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A Coveted Springboard

Nov 12th 2021

The WTA Finals got underway earlier this week in Mexico, and fans are seeing some fresh faces at this year's edition. But although the field only features three major champions and even fewer former Number 1's, it is still a highly-skilled and entertaining bunch that has proven itself to be the cream of the crop over a full 2021 season. Each woman will be keen to finish her year on the highest note possible with a victory in Guadalajara, and each would be a worthy champion. Even so, this week could be more important for some than for others.

A veteran of the game, Karolina Pliskova is one of those who more so than others could do with a win at this event. The Czech resides high up on that infamous list of the best players to have never won a major, though she has come close. She has been to the final of the US Open on one occasion and most recently reached a major final with her exploits at Wimbledon this summer. She has been to the very top of the rankings and garnered a number of Top 10 victories over the course of her successful career thanks in part to possessing some of the most penetrating groundstrokes and imposing serves in the women's game. Despite all of this, however, with Pliskova due to turn thirty the first quarter of next year, there is a growing sense that her window of opportunity is closing. With new talents emerging she is increasingly moving towards the roll of a dangerous dark horse than legitimate favorite. A win at an event of this magnitude would go a long way towards reminding everyone that she is a clear threat to go all the way at the most prestigious tournaments, including the slams, and if she can build on her tight three-set victory over Garbiñe Muguruza in her opening match, Pliskova could be well on her way to doing exactly that.


But as much of a boon as it would be for Pliskova to earn her first WTA Finals crown here, it is arguably more imperative that Aryna Sabalenka find her own way into the winner's circle. The Belorussian may be the second-youngest competitor in the draw and the top seed, yet there is almost a feeling of impatience that she has yet to secure a major title. Undoubtedly, no one feels this impatience more than Sabalenka herself. She owns a powerful, all-around game that has made her a force to be reckoned with the last couple of seasons. She has given plenty of other top talents fits, regardless of the surface, and she has performed exceptionally well at events outside of the slams. After a number of mind-boggling early exits, she finally got one monkey off her back by making the second week of a major this year, first with her fourth-round finish in Melbourne and then making back-to-back semifinals at Wimbledon and the US Open. There is no question, however, that she feels the pressure to deliver on the biggest stages, and if she could find a way to overcome those nerves and secure her first major crown, that might just open the floodgates for more titles in the future.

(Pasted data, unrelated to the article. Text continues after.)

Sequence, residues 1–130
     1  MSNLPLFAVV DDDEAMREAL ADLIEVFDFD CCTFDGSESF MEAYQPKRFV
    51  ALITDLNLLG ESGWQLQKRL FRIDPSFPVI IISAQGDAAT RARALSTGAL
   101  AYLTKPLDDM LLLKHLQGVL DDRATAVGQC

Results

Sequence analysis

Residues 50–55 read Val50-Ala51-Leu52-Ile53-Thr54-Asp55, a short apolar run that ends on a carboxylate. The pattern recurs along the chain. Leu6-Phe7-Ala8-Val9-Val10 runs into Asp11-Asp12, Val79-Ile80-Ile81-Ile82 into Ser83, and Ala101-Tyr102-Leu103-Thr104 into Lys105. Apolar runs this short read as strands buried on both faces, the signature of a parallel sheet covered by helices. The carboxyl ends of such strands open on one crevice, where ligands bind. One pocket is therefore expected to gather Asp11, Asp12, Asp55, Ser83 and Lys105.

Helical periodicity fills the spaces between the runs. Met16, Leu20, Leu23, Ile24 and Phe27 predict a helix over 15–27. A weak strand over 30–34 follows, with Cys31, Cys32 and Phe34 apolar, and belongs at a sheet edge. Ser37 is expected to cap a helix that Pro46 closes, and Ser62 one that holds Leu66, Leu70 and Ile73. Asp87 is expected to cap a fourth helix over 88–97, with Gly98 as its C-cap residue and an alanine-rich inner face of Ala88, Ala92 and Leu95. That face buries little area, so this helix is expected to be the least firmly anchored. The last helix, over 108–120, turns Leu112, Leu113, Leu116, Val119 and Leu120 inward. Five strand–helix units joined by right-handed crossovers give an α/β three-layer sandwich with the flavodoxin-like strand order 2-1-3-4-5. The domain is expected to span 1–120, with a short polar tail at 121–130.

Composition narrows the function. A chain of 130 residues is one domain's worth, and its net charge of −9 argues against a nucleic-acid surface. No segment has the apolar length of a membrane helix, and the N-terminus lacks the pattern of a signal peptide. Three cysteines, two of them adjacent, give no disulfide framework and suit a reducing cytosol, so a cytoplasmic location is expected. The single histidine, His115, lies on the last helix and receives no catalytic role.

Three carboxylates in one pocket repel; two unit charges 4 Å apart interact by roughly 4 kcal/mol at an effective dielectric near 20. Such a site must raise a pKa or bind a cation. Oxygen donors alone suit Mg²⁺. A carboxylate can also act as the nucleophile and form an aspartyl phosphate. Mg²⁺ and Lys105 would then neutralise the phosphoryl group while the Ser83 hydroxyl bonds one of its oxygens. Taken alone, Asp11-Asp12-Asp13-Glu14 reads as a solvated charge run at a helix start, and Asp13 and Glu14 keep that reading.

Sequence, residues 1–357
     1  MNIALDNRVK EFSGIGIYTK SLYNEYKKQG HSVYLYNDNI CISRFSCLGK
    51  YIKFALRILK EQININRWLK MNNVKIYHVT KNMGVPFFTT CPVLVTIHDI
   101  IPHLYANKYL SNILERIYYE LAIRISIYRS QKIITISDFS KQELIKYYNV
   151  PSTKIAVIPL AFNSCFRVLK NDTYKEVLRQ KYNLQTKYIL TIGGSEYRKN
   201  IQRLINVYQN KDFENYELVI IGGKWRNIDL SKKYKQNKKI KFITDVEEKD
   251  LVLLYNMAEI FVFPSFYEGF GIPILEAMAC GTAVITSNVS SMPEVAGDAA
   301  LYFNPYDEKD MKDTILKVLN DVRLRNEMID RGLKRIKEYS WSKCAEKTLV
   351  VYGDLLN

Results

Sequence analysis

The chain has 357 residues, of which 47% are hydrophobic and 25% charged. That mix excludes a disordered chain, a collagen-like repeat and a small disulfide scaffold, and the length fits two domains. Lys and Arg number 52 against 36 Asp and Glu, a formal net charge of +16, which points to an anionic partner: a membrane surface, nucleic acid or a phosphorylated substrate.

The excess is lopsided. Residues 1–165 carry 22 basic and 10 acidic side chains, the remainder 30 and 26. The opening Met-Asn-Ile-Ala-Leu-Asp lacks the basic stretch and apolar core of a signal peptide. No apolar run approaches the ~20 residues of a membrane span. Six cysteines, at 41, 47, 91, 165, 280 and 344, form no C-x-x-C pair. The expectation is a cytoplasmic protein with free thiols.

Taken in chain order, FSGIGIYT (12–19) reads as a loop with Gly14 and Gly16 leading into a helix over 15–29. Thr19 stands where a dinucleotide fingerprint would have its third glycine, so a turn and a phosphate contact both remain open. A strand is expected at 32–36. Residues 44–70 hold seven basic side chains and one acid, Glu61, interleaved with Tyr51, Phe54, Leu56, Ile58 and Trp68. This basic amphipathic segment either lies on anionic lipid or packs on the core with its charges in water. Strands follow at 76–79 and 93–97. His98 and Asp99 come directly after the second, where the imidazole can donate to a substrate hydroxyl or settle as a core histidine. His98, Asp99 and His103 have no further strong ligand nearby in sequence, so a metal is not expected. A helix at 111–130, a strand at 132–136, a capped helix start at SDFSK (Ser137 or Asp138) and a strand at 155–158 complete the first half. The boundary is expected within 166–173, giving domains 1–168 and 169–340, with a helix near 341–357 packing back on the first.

Finding a way to make her mark in Mexico could go prove pivotal in silencing any doubts as to “if” she will win a major and back in the mind-frame of “when” she will win her first major.

Only time will tell if Pliskova, Sabalenka, or another will step up to work her way through the field to hoist the trophy. These are all fierce competitors looking to add to their respective legacies and gain some momentum heading into the off season and 2022. That said, this week remains bigger for some than others in the grand scheme things, and for Pliskova and Sabalenka in particular, this coveted title could translate into a springboard to better things in the future.